Chris gave his life to Christ over lunch that day. In his mind, he thought, “Might as well try it.” Then he spent the next few hours reading the Bible.
“It completely took the monkey off my back — don’t you think?” he says, turning to Carla. “In pro sports, it’s all about how you perform. With Jesus, it’s all about Him.”
Carla agrees. “He had more of the works (mentality before). Everything was about how well you did.”
Now he and Carla were radically changed. And good thing, because for the next two years, baseball life “was a constant battle.”
‘We were so hungry’
Shortly after he and Carla received Christ, Chris signed with the Seattle Mariners organization and played for their AAA Tacoma Rainiers team.
“A baseball clubhouse can be dark — there were (explicit) magazines everywhere,” he says. “But the Holy Spirit was with me. I would spend time reading the Bible.
“Having the Lord as our foundation, it gave us a chance to get through (the challenges of baseball),” he says. “I’m thankful God intervened. (As a pro athlete, usually) it’s all about you.”
“Your whole perspective changed,” Carla says.
“It made me over the next 12 months realize, I’ve got to get my priorities (straight),” Chris says.
When he and Carla were home in Jackson, they started visiting churches anytime they could.
“We were just so excited to hear the Word,” Chris says. “We’d go down (afterward) and meet with the pastor (and say) ‘Thank you so much.’”
Carla says she and Chris grew quickly in their faith, “because we were so — ”
“ — hungry,” Chris finishes.
They joined Highlands Presbyterian Church in Ridgeland in the early 2000s and have loved being part of the community there.
“I feel like we’re constantly being nurtured,” Carla says.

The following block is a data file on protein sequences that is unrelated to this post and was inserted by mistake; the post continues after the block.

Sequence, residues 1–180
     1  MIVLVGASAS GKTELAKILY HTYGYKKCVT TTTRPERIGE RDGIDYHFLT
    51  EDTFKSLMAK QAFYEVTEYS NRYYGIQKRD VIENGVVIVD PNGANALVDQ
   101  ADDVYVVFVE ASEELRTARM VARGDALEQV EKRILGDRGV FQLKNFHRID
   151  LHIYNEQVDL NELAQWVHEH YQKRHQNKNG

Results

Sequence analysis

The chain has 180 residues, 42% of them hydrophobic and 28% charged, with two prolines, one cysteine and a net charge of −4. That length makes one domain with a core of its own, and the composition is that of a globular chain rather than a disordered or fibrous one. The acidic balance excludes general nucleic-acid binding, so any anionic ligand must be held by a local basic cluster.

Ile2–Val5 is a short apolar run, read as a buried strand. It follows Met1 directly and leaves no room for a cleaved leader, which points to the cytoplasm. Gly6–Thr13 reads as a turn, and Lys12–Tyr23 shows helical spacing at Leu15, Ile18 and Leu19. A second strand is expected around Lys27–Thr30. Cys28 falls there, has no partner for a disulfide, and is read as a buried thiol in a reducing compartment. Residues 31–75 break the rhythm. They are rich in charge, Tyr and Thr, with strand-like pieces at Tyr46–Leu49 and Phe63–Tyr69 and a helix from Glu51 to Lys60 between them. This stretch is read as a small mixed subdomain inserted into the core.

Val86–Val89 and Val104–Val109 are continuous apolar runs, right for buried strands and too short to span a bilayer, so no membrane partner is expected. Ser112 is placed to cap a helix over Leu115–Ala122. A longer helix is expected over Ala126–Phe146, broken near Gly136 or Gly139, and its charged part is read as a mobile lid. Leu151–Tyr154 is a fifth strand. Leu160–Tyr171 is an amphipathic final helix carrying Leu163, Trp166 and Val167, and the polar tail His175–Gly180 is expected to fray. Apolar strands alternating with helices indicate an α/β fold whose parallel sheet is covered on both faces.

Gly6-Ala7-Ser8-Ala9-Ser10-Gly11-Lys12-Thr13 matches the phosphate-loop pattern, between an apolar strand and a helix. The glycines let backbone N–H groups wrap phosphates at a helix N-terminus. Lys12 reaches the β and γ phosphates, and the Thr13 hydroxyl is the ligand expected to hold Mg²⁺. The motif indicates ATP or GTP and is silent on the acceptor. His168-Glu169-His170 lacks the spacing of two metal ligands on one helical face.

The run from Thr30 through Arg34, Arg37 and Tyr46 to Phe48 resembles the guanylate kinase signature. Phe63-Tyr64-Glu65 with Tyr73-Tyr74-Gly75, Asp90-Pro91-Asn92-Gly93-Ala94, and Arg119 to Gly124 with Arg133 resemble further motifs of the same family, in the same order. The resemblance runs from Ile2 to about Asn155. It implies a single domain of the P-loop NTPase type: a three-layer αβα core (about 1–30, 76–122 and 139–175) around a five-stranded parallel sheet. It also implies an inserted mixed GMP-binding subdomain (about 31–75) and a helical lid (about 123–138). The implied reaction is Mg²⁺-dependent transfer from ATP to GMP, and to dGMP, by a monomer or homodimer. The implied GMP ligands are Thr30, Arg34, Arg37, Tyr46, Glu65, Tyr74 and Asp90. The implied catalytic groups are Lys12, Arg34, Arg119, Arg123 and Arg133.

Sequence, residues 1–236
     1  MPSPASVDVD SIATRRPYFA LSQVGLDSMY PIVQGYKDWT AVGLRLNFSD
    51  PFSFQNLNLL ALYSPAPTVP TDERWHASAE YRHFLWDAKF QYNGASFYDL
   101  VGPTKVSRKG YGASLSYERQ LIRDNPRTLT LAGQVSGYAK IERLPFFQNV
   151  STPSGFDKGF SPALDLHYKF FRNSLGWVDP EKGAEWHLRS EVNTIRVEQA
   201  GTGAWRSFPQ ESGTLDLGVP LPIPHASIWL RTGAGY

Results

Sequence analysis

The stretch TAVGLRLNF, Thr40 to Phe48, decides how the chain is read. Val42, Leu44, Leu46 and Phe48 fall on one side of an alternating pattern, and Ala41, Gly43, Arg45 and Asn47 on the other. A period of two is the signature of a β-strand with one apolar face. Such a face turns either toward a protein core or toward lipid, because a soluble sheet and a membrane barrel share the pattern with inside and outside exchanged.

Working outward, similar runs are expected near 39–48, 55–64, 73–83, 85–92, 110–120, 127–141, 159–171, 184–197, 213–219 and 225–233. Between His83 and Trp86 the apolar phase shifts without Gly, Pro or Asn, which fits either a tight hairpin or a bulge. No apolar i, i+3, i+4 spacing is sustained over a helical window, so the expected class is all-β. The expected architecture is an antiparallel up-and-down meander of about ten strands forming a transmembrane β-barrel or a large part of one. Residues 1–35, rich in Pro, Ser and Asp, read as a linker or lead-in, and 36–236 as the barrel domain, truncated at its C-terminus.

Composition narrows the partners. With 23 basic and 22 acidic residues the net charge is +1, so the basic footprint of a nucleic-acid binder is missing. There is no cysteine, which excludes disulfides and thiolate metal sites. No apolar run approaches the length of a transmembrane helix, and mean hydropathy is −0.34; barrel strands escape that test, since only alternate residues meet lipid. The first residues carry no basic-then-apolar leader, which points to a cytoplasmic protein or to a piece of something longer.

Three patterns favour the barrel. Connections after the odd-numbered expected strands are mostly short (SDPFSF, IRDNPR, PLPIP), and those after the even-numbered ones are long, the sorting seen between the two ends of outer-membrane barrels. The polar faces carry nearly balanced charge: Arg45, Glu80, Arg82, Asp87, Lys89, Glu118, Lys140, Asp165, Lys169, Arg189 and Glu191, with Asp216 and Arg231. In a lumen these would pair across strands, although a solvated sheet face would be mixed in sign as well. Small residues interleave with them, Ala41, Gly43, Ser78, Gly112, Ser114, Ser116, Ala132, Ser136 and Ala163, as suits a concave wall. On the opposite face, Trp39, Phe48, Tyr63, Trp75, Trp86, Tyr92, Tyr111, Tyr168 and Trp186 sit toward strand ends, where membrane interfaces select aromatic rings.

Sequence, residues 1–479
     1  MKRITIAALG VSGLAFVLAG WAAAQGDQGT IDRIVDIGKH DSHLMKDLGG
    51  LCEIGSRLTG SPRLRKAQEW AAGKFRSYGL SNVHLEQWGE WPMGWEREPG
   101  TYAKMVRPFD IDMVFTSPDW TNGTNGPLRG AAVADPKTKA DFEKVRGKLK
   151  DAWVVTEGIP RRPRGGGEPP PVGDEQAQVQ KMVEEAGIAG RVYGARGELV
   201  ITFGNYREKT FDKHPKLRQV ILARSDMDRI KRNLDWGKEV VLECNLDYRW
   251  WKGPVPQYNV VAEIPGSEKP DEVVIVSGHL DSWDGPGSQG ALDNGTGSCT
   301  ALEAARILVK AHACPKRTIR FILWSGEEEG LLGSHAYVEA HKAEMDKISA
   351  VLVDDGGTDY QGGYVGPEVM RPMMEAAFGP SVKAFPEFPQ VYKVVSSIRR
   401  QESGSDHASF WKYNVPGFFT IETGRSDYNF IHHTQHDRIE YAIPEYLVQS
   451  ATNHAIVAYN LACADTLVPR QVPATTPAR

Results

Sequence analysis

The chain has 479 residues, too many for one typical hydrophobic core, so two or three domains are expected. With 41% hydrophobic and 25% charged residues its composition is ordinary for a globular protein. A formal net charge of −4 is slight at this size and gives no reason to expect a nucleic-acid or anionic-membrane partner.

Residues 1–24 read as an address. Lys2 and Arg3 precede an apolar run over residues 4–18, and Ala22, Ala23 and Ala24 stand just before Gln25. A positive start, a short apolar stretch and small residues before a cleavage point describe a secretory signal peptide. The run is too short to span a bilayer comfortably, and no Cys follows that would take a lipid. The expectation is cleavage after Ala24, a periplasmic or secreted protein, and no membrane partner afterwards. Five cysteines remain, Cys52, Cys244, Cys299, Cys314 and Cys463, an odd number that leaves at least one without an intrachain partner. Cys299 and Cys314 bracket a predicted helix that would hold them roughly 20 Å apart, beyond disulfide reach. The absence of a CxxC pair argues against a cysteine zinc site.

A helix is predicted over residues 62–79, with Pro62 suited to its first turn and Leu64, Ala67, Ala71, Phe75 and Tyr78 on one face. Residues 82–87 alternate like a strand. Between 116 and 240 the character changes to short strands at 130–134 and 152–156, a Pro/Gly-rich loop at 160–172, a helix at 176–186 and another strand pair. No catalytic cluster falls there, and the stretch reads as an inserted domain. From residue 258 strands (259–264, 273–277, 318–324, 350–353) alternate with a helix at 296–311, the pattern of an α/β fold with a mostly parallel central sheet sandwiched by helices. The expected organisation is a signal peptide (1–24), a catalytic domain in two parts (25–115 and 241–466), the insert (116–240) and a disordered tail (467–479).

Meanwhile, their new faith helped their marriage grow.
“We were always floundering (before) on what we were doing, where we were going,” Carla says. “And (then) Chris was just really radically changed. Chris is the kind of person, when he hears and he knows — he’s in.
“I’m a dietician, and every now and then I’ll (eat something unhealthy) anyway. But he was really quick to let God take over and go, ‘No, that’s not right’ (when it came to spiritual matters).”
“I think it was because I could look back on how dark it was before,” he explains. As a traveling baseball player who didn’t know the Lord, he’d treated marriage, for instance, like a piece of his pie chart, no more.
“(Faith) gave us a foundation,” he says. “It gave me accountability: This is my role as a husband, as a father.”
And he and Carla have learned from each other.
“She’s been a person I can go to (who will) help me stay positive,” Chris says. “I learned that through her, and through the Word, and through people here in Jackson, friends.”
Carla admires his dedication to scripture.
“There are not that many people who get out their Bible and read it like a book — no matter what’s going on in his life. It’s inspiring to me when I’m tempted to let that go for the day,” she says.
Chris is matter-of-fact about it: “It’s been my manual,” he says. He just knows he needs it.
In the same way, “with our kids, we knew we wanted to start them out with the Word, craving that spiritual milk,” he says.
Carla says Chris has been “an extremely good example to our kids. He is a great dad.” She recalls him taking the kids to elementary school and going over the armor of God with them from the book of Ephesians, piece by piece.
“He’s an amazing vessel for so many kids, not just our kids.”